M., a 19-year-old witness in a murder case, was called for questioning to the police station. After M. denied any involvement in the murder, the officers threatened her, repeatedly beat her, and raped her. Eventually M. confessed. She was subsequently handed over to the prosecution authorities. M.’s requests to be released were denied. After the interrogation, the prosecution officials repeatedly raped her. The case was passed to the district court but was subsequently closed due to lack of proof of the guilt of the accused as “genetic expertise gives the probability of 99.999999 and not 100%”. It also turned out that two of the rapists had support from their parents, who were judges of the regional courts. Nine years after the crime, the case was brought to the ECtHR. The Court found a violation of Article 3 as Russia failed to punish torture, inhuman, and humiliating treatment, by failing to provide effective investigation of the complaint.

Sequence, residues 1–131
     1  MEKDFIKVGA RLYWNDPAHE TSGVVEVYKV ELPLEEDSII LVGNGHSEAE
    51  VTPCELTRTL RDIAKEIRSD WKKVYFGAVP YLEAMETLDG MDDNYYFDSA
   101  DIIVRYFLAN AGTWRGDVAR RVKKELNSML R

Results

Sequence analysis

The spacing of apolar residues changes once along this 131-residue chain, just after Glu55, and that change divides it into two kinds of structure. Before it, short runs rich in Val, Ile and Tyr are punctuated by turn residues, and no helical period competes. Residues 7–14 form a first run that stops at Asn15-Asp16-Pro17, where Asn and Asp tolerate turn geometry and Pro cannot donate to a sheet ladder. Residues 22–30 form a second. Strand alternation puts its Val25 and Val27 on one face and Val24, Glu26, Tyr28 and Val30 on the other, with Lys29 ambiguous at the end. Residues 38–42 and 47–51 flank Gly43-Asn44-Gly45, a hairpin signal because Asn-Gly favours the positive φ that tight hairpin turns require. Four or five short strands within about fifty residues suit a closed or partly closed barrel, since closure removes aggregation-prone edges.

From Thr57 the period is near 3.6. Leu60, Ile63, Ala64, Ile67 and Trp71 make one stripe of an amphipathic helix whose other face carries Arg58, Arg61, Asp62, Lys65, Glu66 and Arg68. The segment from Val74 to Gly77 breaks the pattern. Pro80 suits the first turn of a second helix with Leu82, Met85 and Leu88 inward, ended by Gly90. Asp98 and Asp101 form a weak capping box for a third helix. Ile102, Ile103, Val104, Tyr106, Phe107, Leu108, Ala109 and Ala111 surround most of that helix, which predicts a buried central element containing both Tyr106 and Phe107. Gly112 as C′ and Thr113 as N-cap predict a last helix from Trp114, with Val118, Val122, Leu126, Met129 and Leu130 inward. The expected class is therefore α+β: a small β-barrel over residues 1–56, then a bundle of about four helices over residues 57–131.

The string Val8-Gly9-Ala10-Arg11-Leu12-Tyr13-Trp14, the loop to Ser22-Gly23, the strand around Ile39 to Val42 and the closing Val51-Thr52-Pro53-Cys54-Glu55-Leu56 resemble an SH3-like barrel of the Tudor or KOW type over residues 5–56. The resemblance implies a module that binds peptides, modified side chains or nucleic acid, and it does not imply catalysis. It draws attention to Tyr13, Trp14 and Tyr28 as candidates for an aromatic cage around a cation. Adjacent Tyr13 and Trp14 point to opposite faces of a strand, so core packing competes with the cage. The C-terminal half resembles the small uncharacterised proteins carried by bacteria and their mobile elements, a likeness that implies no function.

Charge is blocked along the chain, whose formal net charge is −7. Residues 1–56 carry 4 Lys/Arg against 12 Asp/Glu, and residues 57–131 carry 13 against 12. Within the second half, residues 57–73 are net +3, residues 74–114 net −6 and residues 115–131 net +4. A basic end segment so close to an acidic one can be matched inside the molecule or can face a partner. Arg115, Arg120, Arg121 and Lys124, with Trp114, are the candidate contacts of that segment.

The applicant was arrested and bundled into an unmarked car after refusing them entry into her flat. Without being given any reason for her arrest she was taken to the District Police Station where she was allegedly beaten, insulted, threatened with rape and violence against her family. Her requests for medical assistance and access to a lawyer were also refused. Later in the day she was taken home but then re-arrested and suffered more ill-treatment. No record of her detention was kept. She was then brought before a judge of the District Court who, without introducing himself or explaining his ruling, sentenced her to five days detention for resisting arrest (an administrative offence). In the meantime her keys were taken from her and her flat was searched. After her release she was examined by a medical expert who established that she had multiple bruises. The applicant brought proceedings against her ill-treatment by the police and her unlawful detention and lodged a claim for damages. Her claim and appeal all failed. She subsequently attempted to challenge her five days' detention before the Regional Court. In reply she was informed that no appeal against a decision on administrative detention was provided for by law. Her subsequent appeals were all rejected on the ground that the courts lacked jurisdiction over the subject matter. Later the decision was quashed on the grounds that the judge who had convicted the applicant had not examined the circumstances of the case and had not established whether she was guilty of any administrative offence. It was also held that the police had acted in violation of the procedural law. The Office of the Prosecutor General ordered the District Prosecutor's Office to complete a criminal investigation of the alleged ill-treatment and unlawful arrest and detention under the supervision of the Prosecutor General within 30 days. The parties have not provided any update concerning the criminal investigation since 2004. The ECtHR held that the ill-treatment at issue amounted to torture within the meaning of Article 3 and found that there had been a violation in this regard. On account of the lack of an effective investigation into the applicant's allegations of ill-treatment, the Court also found a violation of Article 3. There had been a violation of Article 13 as the applicant had been denied an effective domestic remedy in respect of the ill-treatment by the police. The Court concluded that the period of the applicant's detention until her appearance before a judge did not comply with the guarantees of Article 5 § 1 and that there had therefore been a violation of that provision. The ensuing detention order was inconsistent with the general protection from arbitrariness guaranteed by Article 5 thus there had been a violation. The applicant's allegations that there had been no adversarial proceedings as such, and that even the appearances of a trial had been neglected to the extent that she did not even have a chance to find out the purpose of her brief appearance before the judge, were corroborated in the court ruling quashing that judgment. It followed that there had been a violation of Article 6 § 1. The Court therefore ordered the applicant pecuniary damages, non-pecuniary damages and costs and expenses.